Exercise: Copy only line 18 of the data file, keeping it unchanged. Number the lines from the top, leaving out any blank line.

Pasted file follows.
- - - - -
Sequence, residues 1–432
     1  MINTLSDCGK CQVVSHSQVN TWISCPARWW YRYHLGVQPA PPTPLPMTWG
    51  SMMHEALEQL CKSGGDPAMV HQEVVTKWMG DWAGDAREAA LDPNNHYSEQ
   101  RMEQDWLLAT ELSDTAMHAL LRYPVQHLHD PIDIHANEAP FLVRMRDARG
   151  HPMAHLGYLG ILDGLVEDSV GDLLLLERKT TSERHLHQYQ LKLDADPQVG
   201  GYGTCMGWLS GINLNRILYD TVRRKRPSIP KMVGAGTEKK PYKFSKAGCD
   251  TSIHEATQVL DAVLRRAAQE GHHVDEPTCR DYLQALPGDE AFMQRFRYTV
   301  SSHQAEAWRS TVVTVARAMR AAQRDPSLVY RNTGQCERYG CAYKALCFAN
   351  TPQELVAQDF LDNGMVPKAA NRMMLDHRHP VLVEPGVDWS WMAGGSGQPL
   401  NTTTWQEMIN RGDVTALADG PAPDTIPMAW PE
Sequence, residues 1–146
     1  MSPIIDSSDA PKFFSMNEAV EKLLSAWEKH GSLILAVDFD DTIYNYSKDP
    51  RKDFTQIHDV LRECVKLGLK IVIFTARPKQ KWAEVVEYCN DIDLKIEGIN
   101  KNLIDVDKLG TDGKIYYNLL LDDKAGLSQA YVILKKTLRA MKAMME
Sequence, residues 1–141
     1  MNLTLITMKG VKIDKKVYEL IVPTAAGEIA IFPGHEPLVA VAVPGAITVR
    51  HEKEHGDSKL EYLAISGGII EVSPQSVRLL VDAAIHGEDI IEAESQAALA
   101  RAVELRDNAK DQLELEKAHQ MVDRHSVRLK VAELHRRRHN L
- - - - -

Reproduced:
   101  RAVELRDNAK DQLELEKAHQ MVDRHSVRLK VAELHRRRHN L